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Tattoos, music, and 'legitimate questioning of theology'

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Nadia Bolz-Weber (Photos by Veronica O'Neill)

SILK HOPE, N.C. -- The Wild Goose Festival experiment began with big dreams and big hopes. In the festival program organizers wrote: "we want to change the world, of course; but that will only happen when we change ourselves."

As the inaugural festival wrapped up Sunday, many of the more than 1,500 who made the trek to Shakori Hills Farm, not far from Chapel Hill, may not have noticed global changes, but most left with a sense of mission accomplished.

Wild Goose dreamer and founder Gareth Higgins, who has been part of the Britain’s Greenbelt Festival -- Wild Goose’s British mother goose so to speak -- satisfied a lingering question for skeptics: “Would U.S. Christians support a gathering as eclectic and diverse as Wild Goose?”

Organizers wondered, in the U.S. -- where less tolerant, less inclusive manifestations of Christianity are abundant -- would there still be room for a festival that championed religious diversity, pluralism, the inclusion of gays and lesbians, and many open mic events where people could simply tell their stories of love, pain, rejection, faith, joy and hope?

The answer was a resounding, “Yes,” said Wild Goose board member Karla Yaconelli, who dreamed of a U.S. version of Greenbelt ever since she first travelled to England from the U.S. to attend that festival 25 years ago. Yaconelli said the task of making Wild Goose a reality “almost seemed like an impossibility.”

Besides the logistics of putting on such a huge event, Wild Goose organizers had another difficult task -- getting renowned speakers and artists to come to North Carolina at their own expense, and for no compensation.

Yaconelli outlined initial reasons why she thought Wild Goose wouldn't fly in the U.S.


  • “There are so many divisions in the church here in the U.S. that are so much greater or seem so much greater [than in Europe].”

  • “Our culture is not ready for something like this.”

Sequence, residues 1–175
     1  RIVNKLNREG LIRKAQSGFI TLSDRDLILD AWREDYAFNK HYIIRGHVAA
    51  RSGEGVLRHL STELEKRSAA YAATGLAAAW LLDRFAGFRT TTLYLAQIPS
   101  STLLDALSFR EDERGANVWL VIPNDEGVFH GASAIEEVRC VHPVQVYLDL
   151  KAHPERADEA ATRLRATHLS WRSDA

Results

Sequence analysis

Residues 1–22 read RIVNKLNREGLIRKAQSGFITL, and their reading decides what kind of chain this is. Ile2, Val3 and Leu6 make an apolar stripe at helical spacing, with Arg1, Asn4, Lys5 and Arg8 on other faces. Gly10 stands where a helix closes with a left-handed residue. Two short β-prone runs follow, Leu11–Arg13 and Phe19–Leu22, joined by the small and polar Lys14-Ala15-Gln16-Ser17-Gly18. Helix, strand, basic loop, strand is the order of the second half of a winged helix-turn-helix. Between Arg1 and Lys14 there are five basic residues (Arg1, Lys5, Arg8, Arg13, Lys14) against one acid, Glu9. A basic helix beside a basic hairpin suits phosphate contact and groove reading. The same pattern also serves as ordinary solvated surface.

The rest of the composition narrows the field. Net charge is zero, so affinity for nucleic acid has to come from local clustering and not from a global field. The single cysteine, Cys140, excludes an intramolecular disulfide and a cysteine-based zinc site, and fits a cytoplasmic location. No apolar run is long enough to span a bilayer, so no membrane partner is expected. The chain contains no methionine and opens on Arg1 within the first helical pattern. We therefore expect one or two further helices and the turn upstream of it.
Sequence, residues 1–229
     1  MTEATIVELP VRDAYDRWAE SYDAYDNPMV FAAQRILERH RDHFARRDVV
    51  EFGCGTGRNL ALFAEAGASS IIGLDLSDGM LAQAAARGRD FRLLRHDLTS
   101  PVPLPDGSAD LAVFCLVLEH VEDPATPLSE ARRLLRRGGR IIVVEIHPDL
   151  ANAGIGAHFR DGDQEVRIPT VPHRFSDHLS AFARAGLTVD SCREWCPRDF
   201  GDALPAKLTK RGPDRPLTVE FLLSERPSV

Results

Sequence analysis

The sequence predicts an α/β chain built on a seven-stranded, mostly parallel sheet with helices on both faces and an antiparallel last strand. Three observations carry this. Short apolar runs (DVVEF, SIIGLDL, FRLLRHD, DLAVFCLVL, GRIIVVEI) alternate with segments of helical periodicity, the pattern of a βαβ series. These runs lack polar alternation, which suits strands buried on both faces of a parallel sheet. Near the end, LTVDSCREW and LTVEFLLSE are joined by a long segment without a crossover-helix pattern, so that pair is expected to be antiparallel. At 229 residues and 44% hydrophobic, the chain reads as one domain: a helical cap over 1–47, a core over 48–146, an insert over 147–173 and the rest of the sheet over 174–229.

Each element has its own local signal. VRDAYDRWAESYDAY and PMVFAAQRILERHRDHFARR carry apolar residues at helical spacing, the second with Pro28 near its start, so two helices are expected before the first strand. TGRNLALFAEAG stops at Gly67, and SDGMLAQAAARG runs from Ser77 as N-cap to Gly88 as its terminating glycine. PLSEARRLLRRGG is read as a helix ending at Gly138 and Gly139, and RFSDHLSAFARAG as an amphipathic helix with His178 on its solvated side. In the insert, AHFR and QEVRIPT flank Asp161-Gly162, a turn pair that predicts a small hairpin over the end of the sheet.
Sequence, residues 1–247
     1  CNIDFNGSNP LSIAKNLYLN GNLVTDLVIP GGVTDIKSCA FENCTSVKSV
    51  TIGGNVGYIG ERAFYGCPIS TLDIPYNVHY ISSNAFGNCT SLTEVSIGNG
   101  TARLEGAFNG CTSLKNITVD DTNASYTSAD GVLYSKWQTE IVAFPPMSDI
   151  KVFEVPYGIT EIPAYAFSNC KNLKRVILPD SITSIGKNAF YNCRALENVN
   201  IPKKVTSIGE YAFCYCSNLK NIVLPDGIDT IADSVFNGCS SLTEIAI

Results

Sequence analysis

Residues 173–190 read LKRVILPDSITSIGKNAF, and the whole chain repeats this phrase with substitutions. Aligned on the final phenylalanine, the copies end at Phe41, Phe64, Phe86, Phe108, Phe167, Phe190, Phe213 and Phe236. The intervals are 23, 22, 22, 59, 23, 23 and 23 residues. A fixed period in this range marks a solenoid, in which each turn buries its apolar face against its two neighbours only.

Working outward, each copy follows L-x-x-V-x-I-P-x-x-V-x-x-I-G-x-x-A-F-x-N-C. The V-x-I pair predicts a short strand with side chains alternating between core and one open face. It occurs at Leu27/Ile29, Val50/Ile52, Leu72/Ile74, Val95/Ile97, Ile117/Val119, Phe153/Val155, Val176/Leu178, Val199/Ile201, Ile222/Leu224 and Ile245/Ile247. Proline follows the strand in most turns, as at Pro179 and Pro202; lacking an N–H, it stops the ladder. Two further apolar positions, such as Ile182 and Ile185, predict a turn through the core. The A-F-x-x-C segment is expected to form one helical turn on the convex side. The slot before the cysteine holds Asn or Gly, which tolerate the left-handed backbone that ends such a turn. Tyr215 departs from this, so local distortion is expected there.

• “And then, of course, there is the Christian Industrial Complex that is so already established.”



“We began to wonder if it would ever be possible to have an event in the United States that could possibly be the beginning of the end of political and theological polarization and rigidity, dogma, where everyone had a seat at the table … with a willingness to have their own mind change in unexpected ways.”

Well, Wild Goose happened, and what emerged from the stories people told over four days was the gathering delivered a safe place for them to tell those stories, but it was also a place for people to rise up out of their tombs of pain, despair and loneliness for the purpose of reconnecting with a God of love.

Many people who have suffered as a result of “bad religion” never return to the scenes of the crimes. Wild Goose was for those people, now hoping to find something better.

“I was raised in fundamentalism. Women couldn’t even pray out loud in front of men in the tradition I was raised in, but I left that form of Christianity 25 years ago,” said the Rev. Nadia Bolz-Weber, a Lutheran theologian and mother of two who officiated at Saturday’s Wild Goose liturgy, and spoke at several programs.

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“I have scars; I just don’t have wounds anymore. And a lot of people have wounds, and I understand that, but I think it’s good for them to see someone who has scars instead of wounds,” said Bolz-Weber. “I’m profoundly fortunate that I’ve been given the support and encouragement that I have to do what I’m doing.”